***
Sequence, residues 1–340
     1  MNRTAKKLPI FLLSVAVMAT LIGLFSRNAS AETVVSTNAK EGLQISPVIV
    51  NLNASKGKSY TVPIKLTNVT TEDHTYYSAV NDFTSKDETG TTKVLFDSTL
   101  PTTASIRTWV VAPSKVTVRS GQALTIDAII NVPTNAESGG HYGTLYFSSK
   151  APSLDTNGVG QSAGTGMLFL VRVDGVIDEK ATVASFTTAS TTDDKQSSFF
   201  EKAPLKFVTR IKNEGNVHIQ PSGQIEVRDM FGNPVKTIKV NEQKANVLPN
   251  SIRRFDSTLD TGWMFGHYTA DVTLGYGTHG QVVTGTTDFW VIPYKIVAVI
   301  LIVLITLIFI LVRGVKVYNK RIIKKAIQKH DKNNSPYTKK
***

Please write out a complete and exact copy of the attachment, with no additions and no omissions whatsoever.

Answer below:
Sequence, residues 1–340
     1  MNRTAKKLPI FLLSVAVMAT LIGLFSRNAS AETVVSTNAK EGLQISPVIV
    51  NLNASKGKSY TVPIKLTNVT TEDHTYYSAV NDFTSKDETG TTKVLFDSTL
   101  PTTASIRTWV VAPSKVTVRS GQALTIDAII NVPTNAESGG HYGTLYFSSK
   151  APSLDTNGVG QSAGTGMLFL VRVDGVIDEK ATVASFTTAS TTDDKQSSFF
   201  EKAPLKFVTR IKNEGNVHIQ PSGQIEVRDM FGNPVKTIKV NEQKANVLPN
   251  SIRRFDSTLD TGWMFGHYTA DVTLGYGTHG QVVTGTTDFW VIPYKIVAVI
   301  LIVLITLIFI LVRGVKVYNK RIIKKAIQKH DKNNSPYTKK